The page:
An exhibit in New York of the works of British fashion designer Alexander McQueen, who committed suicide last year, has closed this weekend at the Metropolitan Museum of Art after a smash-success run.
"Alexander McQueen: Savage Beauty" - highlighting the Victorian romance and dark melancholy that inspired the designer's work - was set to run until July 31, but organizers extended the show by a week to accommodate record crowds.
"From opening on May 4, we have had more than 625,000 visitors," museum press officer Nancy Chilton told AFP, adding that the show had already seen the highest attendance of any exhibition staged by the Met's Costume Institute.
"It is among the Museums top 20 blockbusters."
The Met organized special Monday viewings of the popular exhibition when the museum is otherwise closed to the public, at a cost of $50 per visitor. The McQueen show will stay open until midnight on Saturday and Sunday.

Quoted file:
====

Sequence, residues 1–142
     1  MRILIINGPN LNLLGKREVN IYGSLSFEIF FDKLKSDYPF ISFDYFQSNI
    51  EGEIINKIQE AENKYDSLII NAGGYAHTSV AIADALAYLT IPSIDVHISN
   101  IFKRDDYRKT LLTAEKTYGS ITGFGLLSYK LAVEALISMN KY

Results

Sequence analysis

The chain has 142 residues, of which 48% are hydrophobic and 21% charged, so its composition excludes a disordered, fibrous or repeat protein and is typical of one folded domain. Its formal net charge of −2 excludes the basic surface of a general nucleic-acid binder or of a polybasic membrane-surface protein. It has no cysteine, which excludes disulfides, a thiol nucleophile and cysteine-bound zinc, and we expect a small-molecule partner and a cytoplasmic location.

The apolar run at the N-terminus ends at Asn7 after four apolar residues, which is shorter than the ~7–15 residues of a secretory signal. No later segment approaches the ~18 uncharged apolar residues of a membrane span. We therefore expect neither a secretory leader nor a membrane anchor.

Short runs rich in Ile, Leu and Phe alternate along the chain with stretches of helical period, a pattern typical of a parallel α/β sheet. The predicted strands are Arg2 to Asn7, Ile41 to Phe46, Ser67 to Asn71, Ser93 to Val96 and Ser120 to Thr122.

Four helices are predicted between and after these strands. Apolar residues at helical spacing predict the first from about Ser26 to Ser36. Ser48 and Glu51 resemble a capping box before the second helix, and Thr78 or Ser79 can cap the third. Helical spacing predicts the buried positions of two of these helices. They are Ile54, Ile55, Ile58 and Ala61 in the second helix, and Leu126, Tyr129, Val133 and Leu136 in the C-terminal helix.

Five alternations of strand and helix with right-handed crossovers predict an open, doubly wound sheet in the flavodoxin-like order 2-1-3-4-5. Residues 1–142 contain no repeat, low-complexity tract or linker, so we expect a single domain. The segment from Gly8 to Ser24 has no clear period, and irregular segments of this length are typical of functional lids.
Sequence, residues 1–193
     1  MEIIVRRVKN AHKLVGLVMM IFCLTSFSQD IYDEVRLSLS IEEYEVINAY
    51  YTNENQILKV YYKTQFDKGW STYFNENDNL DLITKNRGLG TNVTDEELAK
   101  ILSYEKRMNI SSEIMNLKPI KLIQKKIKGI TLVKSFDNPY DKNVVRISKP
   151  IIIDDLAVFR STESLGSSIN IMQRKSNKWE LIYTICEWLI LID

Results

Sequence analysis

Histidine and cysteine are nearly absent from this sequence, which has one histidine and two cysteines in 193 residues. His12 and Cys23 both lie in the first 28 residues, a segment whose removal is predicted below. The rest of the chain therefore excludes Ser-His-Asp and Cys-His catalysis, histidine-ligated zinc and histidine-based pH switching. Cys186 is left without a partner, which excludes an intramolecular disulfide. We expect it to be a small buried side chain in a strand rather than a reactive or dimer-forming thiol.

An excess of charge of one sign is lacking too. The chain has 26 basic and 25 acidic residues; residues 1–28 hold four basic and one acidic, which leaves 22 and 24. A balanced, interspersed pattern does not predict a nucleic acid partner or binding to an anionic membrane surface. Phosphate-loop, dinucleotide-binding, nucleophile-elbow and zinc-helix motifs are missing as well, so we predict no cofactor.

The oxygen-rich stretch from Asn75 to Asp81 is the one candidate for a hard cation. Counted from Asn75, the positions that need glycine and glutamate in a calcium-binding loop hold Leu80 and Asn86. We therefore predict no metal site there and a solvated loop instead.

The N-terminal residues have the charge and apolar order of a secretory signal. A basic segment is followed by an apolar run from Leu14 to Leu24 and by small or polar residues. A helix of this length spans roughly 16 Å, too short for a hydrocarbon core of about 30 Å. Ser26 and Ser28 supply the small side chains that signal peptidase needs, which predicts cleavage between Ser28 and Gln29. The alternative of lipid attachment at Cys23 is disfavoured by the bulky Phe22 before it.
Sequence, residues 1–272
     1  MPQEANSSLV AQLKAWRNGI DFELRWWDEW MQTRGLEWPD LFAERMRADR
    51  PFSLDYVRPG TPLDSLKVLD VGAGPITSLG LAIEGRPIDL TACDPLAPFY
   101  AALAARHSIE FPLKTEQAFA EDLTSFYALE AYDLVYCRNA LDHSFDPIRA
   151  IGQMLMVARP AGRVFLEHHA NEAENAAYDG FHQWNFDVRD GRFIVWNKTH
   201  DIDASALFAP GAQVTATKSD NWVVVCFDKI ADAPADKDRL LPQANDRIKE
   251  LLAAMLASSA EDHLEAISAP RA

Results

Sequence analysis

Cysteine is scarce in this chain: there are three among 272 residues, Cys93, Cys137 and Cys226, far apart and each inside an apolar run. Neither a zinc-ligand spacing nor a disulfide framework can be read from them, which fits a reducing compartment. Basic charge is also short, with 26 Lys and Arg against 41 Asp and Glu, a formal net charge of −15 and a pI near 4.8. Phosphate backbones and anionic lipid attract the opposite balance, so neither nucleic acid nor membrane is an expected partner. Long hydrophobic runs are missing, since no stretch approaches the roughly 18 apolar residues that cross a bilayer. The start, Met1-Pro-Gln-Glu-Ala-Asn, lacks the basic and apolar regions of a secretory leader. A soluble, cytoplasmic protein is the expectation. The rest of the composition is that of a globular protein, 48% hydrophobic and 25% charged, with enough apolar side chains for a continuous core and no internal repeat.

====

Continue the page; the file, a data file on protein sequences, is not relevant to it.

McQueen died February 11 last year at the age of 40 after a career that spanned nearly half his life and consistently amazed the fashion world with his impeccable tailoring skills learned on Savile Row and lavish creativity.
A British inquest heard he took cocaine, sleeping pills and tranquilizers before hanging himself.
Sarah Burton, who is now the artistic director at the McQueen fashion house, designed Kate Middleton's dress for her wedding to Britain's Prince William in April.
Join our new commenting forum
Join thought-provoking conversations, follow other Independent readers and see their replies